At the recommendation of City Administrator Don Eikmeier and with the blessing of the City Council, the City and Cherokee Fire & Rescue Department (CFRD) are in the process of establishing a vehicle replacement schedule for the department so the City can better plan financing in advance of any necessary vehicle replacement.
The Council and CFRD met at the fire station last week to review space limitations and the current fleet of fire-fighting vehicles.
The current CFRD fleet includes of a 2009 International Tanker Truck, a 2009 International Rescue Truck, a 2001 International Pumper, a 1991 Chevrolet Pumper, a 1977 Ford Pumper, a 1977 Pierce Pumper, a 1976 Henderson Aerial, and a 1967 American La France.
According to the CFRD, the total pumping capabilities of the vehicles are 5,500 gallons per minute, with the department needing to maintain at least 4,000 GPM to keep its ISO (Insurance Service Organization) rating of 4, which translates into lower insurance premiums (the lower the number, the better the ISO rating).
CFRD Treasurer Roger Frisbie informed the Council that as they age, repairs on the older vehicles are expensive, with some of the parts needed not produced any more, leading the department to require custom-made parts that can become very expensive.
The Council took no action but will begin the process of establishing a vehicle replacement program time frame to help lead the department into the future.
There is a national trend of smaller rural communities steadily losing manpower due to declining populations, smaller families, fewer local businesses, retirements, and a commuting work force traveling into the larger cities. This limits the number of volunteers and the response time when the alarm sounds and is a fact of life that will lead to more regionalization of fire departments as the years go by.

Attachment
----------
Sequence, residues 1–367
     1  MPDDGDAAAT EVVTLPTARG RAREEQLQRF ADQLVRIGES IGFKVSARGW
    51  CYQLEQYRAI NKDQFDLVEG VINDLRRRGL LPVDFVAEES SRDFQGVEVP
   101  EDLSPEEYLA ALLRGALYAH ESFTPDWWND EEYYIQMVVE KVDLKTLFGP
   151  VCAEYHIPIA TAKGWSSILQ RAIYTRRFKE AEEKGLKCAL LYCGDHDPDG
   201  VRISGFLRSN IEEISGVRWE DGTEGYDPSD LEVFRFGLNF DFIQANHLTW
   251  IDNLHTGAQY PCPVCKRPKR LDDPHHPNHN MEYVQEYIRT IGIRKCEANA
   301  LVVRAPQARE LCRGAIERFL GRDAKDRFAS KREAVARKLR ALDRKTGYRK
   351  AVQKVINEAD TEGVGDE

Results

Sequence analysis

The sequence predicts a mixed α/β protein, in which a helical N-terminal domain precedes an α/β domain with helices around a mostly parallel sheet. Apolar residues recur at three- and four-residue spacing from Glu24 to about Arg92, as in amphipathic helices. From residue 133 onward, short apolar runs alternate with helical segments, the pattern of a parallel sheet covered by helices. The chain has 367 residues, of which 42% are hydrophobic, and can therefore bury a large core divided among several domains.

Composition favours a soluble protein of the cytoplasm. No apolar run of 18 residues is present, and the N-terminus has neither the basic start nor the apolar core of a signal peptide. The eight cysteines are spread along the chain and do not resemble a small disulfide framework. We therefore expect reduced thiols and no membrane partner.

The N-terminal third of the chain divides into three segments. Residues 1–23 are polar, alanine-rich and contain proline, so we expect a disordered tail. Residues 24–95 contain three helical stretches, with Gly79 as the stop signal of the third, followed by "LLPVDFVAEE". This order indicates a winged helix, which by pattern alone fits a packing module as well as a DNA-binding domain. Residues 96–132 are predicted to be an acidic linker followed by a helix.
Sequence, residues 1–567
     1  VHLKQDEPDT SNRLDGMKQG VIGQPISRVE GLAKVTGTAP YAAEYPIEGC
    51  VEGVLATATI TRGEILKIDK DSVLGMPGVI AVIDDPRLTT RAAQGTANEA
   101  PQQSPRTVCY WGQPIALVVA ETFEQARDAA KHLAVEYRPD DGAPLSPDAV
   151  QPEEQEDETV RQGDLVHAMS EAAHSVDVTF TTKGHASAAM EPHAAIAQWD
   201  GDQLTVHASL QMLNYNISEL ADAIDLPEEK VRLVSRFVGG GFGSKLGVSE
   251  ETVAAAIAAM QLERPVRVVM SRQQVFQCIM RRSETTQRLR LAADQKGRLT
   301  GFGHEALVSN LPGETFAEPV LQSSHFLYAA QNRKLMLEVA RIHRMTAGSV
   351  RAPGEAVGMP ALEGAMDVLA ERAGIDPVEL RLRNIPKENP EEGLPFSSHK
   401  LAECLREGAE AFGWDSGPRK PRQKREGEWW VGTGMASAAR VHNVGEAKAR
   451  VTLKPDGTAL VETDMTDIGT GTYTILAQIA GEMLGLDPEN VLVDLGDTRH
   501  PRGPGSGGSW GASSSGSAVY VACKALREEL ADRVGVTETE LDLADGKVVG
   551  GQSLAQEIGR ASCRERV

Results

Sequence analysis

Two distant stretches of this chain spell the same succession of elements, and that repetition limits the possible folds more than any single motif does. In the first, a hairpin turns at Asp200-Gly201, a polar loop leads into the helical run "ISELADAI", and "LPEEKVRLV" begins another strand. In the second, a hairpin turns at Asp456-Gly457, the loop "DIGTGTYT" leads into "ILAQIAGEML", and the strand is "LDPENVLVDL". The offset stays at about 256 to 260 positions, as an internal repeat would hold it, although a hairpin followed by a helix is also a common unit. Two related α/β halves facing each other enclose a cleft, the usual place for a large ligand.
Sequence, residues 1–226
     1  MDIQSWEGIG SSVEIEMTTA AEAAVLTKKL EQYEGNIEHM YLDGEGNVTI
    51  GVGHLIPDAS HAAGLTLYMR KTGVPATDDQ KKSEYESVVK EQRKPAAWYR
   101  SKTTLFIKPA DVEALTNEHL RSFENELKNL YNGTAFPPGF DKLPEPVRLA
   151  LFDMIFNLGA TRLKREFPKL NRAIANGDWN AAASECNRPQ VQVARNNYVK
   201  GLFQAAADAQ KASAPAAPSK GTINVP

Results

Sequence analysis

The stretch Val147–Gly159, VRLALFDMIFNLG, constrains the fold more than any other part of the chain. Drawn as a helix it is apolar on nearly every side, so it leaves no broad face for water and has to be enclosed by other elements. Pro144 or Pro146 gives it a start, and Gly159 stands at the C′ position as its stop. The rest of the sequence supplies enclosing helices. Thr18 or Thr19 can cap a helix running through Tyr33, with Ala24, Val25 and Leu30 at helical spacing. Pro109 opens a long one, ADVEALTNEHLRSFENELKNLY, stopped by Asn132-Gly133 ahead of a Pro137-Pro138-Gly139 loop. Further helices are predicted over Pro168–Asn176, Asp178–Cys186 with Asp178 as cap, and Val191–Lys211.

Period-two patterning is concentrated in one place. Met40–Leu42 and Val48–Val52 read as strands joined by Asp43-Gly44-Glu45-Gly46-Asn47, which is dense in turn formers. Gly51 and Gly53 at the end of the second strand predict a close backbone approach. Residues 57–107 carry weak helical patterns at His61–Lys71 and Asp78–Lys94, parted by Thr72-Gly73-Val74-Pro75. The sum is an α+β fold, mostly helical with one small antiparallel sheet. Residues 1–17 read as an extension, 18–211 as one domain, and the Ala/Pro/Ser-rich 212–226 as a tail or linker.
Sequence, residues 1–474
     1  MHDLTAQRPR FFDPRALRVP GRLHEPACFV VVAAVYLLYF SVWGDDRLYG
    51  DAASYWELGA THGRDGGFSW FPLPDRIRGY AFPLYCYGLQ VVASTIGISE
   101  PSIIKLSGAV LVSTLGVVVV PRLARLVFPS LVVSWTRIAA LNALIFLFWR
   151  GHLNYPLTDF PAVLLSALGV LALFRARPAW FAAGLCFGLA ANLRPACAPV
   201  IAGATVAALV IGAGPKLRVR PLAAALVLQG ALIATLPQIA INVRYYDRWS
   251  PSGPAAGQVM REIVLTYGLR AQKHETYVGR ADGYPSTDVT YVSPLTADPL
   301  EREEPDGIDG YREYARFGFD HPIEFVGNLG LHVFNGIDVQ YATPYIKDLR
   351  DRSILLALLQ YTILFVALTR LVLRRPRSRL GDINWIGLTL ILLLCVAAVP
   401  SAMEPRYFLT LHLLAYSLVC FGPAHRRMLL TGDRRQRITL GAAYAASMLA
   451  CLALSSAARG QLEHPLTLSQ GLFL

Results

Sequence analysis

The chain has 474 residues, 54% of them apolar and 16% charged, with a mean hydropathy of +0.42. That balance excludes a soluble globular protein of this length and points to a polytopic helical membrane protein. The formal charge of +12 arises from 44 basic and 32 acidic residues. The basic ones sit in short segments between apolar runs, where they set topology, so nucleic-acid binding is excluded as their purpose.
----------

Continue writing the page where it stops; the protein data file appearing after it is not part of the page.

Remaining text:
The CFRD also is assessing possible building expansion due to tightening storage quarters for the vehicles that have become larger and longer.
"We're chuck full," said Frisbie of the current fire station constructed in 1979. "We've plain run out of room."
Frisbie said fire officials have obtained a rough estimate for a 65X70 foot addition to the west side of the existing fire station and it totaled "about $475,000." Cherokee County would contribute one-fourth of that cost, said Frisbie.
Eikmeier told the fire fighters that the City must expand its economy and tax base before considering funding such things. Eikmeier said the CFRD information will be included in the City's proposed new Comprehensive Plan that is in the process of getting under way. Once completed, the new Comprehensive Plan would allow the City to become more accessible to future grant monies.
In other business, the Council voted 4-1 to proceed with the clean-up regarding a Notice to Abate a nuisance at the property of Margo Boon and Jean Lyman at 233 E. Willow St.
The City has been working with the property owners since last spring to abate a nuisance on their property. Despite having worked with the owners all summer, minimal progress has been made in the mandatory clean-up. An official abatement notice was issued August 30 and on Sept, 10, the owners requested a hearing on the matter. The hearing was held last week at the Council meeting in the fire station.
Boon and Lyman told the Council that they have been making inroads into the clean-up but that several issues were at play which continued to delay the clean-up process. They listed the poor weather all spring and summer, their respective low incomes and health and disability issues that limit sufficient progress, and the fact that Lyman has the "hoarding syndrome" that worsens the amount of "nuisance items" cited by the City. Their basement also received flood damage during the heavy rains Cherokee received this past spring and summer, and the women say they couldn't move stuff from the yard into the wet basement.
In an effort to resolve the ongoing matter and to reach some form of a compromise, Eikmeier recommended the City proceed with the clean-up with City crews and that he and City Clerk Deb Taylor will work out a payment schedule for the women to reimburse the City.
The Council voted 4-1 to proceed with the clean-up and charging the costs back to the property owners (Boon and Lyman), with Council Members Mick Mallory, Linda Burkhart, Jim Peck, and Wayne Pingel voting yes, and Dan Morrow voting no.